Archive 2016 08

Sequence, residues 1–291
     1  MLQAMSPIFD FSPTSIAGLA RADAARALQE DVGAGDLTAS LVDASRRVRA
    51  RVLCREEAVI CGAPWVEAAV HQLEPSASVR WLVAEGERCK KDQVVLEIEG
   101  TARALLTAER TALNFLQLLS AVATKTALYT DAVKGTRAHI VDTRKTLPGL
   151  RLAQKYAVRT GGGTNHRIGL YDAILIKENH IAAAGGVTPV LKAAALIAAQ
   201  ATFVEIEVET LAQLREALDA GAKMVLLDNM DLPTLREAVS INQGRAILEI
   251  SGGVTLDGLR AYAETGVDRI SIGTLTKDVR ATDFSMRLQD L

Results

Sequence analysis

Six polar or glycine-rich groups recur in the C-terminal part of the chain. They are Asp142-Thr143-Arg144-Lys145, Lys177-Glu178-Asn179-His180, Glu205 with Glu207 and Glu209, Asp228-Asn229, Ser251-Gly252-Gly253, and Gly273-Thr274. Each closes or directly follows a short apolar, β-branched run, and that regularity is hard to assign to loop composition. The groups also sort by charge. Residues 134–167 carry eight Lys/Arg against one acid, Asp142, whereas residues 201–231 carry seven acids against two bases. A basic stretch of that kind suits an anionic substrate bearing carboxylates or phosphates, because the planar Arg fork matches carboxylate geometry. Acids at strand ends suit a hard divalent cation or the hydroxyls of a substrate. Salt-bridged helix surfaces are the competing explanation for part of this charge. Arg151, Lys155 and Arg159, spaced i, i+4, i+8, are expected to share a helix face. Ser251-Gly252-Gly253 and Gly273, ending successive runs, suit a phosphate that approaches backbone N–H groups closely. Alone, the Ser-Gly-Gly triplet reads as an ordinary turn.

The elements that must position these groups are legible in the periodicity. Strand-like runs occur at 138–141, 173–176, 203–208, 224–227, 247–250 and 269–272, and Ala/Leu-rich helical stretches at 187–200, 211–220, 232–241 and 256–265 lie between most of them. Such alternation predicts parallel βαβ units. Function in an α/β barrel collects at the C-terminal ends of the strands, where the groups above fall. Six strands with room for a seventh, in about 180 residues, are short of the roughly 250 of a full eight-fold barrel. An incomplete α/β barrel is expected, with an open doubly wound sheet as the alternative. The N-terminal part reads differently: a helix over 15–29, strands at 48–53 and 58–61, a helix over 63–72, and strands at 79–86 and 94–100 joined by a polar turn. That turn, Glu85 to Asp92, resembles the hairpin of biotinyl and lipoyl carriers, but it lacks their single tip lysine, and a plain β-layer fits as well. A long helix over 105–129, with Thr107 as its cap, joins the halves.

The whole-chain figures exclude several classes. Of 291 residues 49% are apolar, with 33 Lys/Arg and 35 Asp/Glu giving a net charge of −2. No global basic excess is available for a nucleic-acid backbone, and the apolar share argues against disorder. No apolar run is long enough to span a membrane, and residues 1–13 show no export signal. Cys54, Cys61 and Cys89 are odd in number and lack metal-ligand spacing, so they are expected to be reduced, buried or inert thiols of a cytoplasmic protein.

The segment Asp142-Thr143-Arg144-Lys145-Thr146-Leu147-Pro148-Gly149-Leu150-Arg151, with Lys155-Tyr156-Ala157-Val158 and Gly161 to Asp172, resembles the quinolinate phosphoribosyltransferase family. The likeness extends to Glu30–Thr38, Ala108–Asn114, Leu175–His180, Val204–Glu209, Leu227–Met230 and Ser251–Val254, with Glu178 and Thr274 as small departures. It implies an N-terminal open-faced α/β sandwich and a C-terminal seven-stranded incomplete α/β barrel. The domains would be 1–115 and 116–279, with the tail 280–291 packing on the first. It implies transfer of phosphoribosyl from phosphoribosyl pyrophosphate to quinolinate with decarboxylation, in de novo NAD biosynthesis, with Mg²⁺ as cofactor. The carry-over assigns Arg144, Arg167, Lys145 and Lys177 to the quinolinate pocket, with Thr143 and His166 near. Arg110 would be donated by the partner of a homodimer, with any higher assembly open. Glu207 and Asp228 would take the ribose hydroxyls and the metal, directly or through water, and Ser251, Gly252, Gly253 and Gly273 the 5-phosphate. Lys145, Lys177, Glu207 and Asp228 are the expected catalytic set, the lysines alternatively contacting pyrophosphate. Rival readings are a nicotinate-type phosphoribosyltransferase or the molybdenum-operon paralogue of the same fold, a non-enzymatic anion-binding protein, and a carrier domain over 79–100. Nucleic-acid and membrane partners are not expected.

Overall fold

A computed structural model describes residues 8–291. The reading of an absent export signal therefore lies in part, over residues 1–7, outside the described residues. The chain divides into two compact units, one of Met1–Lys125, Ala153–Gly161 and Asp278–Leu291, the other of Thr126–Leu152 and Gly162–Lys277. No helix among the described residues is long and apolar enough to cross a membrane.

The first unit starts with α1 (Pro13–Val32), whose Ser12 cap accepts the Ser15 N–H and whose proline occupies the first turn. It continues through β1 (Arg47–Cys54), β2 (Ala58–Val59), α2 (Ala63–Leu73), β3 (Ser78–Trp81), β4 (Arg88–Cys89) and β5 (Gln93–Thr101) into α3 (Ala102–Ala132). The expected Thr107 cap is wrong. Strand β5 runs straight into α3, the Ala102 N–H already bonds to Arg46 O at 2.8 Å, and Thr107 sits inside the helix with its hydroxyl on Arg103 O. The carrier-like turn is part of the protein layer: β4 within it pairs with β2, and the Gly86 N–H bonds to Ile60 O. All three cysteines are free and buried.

Modern Methods of Construction fabric of the material, acting like a giant storage heater,” explains Samuel, who says this has two advantages. Unlike in modern buildings which are reliant upon airtightness to trap the air in the building, “it allows for natural ventilation in a building and is also able to store solar heat in its thermal mass, meaning that you are free to open a window to increase natural ventilation safe in the knowledge that your heat will not just flow out and be lost,” he says. “Secondly, the slow speed at which hempcrete stores heat and releases it results in ‘buffering’ natural changes in temperature,” which results in relatively even internal temperatures being maintained. As a fairly unknown building material, hempcrete can be tricky to work with at first and you will need to have some “patience initially, given it is so different to accepted construction methods,” says Samuel. And builders looking to use it for the first time should “visit existing buildings that employ the use of hempcrete in their construction and observe the techniques used in both the design and detailing.” n Insulating with hempcrete at Baswick Steer When a group of farm buildings at Baswick Steer in Holderness, East Yorkshire, were converted into residential use, the owners’ success in the growing of hemp led to hempcrete being used as the insulation material. Despite being constructed in the 1800s, the buildings were in sound structural condition and could be altered without excessive change. In order to establish a satisfactory thermal mass to this “Deep Green” development, the Hempcrete was mixed on site and applied as an external insulation layer over the existing brick structure. The 250mm thick layer of hempcrete was laid insitu in 150mm thick vertically tamped layers and finished externally with a traditional lime render. This ensured that the dew point thermal curve through the external structure was satisfactory and that no interstitial condensation is likely to occur within the structure. The potential heat loss through the external envelope of the converted buildings well exceeds the minimum requirements for “U” value, thereby further reducing the need to heat or cool the internal environment. The buildings were further insulated with hempcrete at pitched roof level using Hempcrete in the form of a “warm deck” construction, which eliminates the need to ventilate any roofspaces. n ADVERTORIAL Polarwall launch Floating Factory concept POLARWALL have recently launched their new mobile Offsite Construction concept which is being called the Floating Factory and which is starting to attract interest from some of the larger developers and housebuilders. Polarwall director Alan Wheeler says, “Everybody is aware of the advantages of offsite construction but there are plenty of problems that can be caused by manufacturing in a remote location. Delivery delay issues, wrong sized or misaligned panels and the loss of control over the whole build process are just some of the issues that can arise. We think that by bringing the factory either on to, or close to the site then we can give the best of both worlds – it’s a sort of Onsite/Offsite hybrid method that we call the Floating Factory. This is a process that lends itself to larger building sites where lifting gear is available” Using the assembly jigs, the Polarwall Insulating Formwork is built into large panels of 2.5m wide by up to 3m high. These panels are then taken to the required position on the site and joined together into full wall assemblies. One builder, who is currently building a large apartment block in Berkshire, is gang-forming several of these panels together and then lifting the whole wall into position. Interestingly, the company have just done a large basement project in West London where the panels were made and lifted into position with the reinforcement in place, and this proved very quick and cost effective for the contractor. Several contractors who are looking to use this building technology are also looking at options for using a mobile batching plant on the site. This can give huge savings on the concrete cost and more importantly bring the concrete production under the control of site management. One Polarwall contractor, Andrew Skinner told us that “Using the large panels is a very exciting development for us. We have used the Polarwall formwork almost exclusively for the last three years. It is already an impressive construction material and cost effective build method, but by using the large panel assembly we have moved this up a gear and the build speeds are becoming incredibly quick.” The Berkshire site is based in Slough and it will be having a number of open days for interested parties. Anybody who would like to visit and speak with the contractors and project management should in the first instance contact Polarwall (01392 823300 or [email protected]) to arrange. www.builderandengineer.20

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